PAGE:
Alpine grazing: does it reduce blazing?

van Rees H. (1982) The diet of free-ranging cattle on the Bogong High Plains, Victoria. Australian Rangeland Journal 4, 29–33.

Aim: 
To determine the species composition of the diet of free-ranging cattle... to estimate the most important components of the diet… (and) to determine the digestibility and nitrogen content of plants regularly grazed by cattle (pp. 29).
Type of Study: 
Natural history/natural experiment
Key Results: 
Cattle were seen to eat 26 species of plants, while only 19 species were identified from microscopic examination of cattle faeces. A further 28 species examined in the field showed signs of grazing...Common Poa australis spp. agg. tussocks were of low digestibility and nigrogen content (pp. 29).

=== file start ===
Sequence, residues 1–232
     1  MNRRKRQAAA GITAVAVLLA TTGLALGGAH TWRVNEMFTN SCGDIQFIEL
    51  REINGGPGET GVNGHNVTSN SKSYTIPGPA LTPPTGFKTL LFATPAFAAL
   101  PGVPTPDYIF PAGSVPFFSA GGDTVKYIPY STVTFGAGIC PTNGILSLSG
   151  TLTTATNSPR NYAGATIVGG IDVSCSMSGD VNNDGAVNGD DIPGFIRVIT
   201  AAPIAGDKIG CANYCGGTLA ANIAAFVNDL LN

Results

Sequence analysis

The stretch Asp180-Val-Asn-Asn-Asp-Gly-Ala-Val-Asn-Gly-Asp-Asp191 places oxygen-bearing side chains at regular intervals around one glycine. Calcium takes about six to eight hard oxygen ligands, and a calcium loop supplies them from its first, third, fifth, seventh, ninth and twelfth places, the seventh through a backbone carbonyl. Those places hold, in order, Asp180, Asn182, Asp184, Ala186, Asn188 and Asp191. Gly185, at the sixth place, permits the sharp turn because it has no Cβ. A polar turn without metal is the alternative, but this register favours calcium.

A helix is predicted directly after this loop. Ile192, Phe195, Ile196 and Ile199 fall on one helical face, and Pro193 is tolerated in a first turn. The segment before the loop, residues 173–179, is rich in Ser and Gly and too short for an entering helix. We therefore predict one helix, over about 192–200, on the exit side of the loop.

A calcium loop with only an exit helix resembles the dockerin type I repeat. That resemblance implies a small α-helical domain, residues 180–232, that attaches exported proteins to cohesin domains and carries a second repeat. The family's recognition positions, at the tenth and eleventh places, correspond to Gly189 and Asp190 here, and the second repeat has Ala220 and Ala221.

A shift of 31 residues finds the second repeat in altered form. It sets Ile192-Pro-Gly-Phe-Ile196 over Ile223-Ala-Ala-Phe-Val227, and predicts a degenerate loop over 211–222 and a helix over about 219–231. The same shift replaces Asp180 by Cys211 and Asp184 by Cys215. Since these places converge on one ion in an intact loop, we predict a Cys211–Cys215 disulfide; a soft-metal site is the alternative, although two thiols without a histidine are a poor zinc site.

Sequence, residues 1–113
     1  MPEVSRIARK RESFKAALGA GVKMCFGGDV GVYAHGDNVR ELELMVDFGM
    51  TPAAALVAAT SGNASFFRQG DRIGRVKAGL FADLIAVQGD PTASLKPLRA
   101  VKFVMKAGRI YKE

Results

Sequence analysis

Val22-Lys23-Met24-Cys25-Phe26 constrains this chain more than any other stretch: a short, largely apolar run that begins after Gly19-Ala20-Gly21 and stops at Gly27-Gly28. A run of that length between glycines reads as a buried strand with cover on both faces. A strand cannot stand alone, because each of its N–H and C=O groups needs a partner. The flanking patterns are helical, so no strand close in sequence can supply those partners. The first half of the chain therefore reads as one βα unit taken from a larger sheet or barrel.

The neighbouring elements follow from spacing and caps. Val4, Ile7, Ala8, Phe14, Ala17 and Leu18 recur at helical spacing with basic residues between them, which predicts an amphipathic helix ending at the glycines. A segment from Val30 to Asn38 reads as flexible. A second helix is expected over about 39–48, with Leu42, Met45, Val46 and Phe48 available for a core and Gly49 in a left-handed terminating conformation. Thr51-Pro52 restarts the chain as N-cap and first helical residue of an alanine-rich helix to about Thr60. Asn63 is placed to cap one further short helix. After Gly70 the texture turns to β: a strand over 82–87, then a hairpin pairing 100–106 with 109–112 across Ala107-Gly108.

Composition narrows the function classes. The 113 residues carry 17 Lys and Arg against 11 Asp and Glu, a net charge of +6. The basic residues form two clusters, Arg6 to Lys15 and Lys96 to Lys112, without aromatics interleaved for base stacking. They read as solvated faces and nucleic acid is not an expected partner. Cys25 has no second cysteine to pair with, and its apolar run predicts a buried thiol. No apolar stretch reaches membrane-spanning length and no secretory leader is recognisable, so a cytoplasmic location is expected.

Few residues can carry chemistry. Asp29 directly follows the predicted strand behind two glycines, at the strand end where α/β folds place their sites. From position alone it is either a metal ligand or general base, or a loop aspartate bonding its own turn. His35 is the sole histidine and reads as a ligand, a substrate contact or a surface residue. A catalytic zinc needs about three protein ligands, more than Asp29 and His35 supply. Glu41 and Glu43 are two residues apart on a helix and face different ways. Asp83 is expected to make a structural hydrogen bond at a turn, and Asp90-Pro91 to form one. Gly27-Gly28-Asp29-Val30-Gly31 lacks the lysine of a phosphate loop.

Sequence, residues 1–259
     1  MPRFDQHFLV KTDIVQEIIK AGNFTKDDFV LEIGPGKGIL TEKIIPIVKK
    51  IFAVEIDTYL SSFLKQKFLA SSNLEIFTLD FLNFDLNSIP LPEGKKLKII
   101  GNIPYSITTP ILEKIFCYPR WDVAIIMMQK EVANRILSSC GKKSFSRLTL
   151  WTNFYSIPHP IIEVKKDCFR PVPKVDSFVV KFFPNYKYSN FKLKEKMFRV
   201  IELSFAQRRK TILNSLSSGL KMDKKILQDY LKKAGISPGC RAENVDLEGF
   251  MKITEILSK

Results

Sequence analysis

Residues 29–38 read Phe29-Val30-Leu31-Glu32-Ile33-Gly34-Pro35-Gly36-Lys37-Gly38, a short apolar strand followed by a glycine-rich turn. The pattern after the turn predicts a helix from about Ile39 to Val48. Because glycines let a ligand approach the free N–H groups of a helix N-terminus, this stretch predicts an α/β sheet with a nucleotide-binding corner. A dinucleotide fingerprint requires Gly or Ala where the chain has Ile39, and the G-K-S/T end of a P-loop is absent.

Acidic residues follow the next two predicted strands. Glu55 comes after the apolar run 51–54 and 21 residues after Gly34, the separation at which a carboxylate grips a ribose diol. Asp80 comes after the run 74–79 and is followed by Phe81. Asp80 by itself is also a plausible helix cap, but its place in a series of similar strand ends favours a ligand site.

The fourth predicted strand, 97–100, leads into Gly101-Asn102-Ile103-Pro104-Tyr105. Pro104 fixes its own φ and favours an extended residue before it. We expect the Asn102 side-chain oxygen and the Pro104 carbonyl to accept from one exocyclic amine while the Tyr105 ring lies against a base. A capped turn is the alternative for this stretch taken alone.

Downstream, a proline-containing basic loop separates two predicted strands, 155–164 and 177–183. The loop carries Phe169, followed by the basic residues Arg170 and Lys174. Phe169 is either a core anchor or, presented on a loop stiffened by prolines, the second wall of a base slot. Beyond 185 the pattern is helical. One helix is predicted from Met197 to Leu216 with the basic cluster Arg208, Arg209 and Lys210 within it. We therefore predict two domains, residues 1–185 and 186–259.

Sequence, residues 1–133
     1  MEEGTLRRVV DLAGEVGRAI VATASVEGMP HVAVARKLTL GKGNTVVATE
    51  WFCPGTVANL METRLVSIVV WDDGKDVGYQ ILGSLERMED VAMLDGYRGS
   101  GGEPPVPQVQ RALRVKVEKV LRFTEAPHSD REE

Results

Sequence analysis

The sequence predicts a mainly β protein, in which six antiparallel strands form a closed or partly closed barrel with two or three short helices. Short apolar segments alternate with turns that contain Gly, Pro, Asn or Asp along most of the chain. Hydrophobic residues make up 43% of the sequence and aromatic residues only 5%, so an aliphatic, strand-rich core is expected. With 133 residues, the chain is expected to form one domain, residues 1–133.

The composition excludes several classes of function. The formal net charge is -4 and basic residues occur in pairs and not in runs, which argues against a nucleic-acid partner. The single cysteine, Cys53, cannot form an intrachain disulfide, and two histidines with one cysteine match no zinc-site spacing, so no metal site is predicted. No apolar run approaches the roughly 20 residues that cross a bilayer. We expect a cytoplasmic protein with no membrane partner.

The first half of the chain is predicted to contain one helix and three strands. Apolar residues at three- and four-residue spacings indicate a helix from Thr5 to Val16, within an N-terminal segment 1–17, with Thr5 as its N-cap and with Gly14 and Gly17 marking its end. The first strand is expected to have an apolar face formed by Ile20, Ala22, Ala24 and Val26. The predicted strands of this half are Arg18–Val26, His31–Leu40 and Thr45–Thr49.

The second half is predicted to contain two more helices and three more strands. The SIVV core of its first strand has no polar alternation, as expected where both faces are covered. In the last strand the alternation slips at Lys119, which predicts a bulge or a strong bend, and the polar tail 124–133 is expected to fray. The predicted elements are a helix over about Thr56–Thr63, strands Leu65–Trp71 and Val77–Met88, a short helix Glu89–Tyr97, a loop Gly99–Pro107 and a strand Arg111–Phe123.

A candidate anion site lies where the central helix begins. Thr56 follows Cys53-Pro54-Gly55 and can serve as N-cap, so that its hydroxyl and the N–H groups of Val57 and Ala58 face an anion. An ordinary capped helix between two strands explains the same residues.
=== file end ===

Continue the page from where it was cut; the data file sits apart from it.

Treatments: 
N.A.
Models: 
N.A.
Comments: 
Experimental determination of selective grazing by cattle of alpine flora. Cattle prefer the snowgrasses and alpine forbs, and avoid the taller shrubs.
Reviewer: 
Imogen Fraser; Dick Williams
Locations: 
Bogong High Plains, Australian Alpine National Park, Victoria, Australia
Response variable : 
Number of plant species grazed by cattle and cover abundance of each, presence/absence of species in cow pat, nitrogen content (dry matter basis), in vitro organic matter digestibility.
Replication: 
ca. 20 cow pats analysed from 10 cows; digestibility analysed in 2 sampless of 16 plant species; nitrogen content analysed in 9 plant species.
Ecosystem: 
Alpine grassland, open heathland and closed heathland.
Full Reference: 
van Rees H. (1982) The diet of free-ranging cattle on the Bogong High Plains, Victoria. Australian Rangeland Journal 4, 29–33.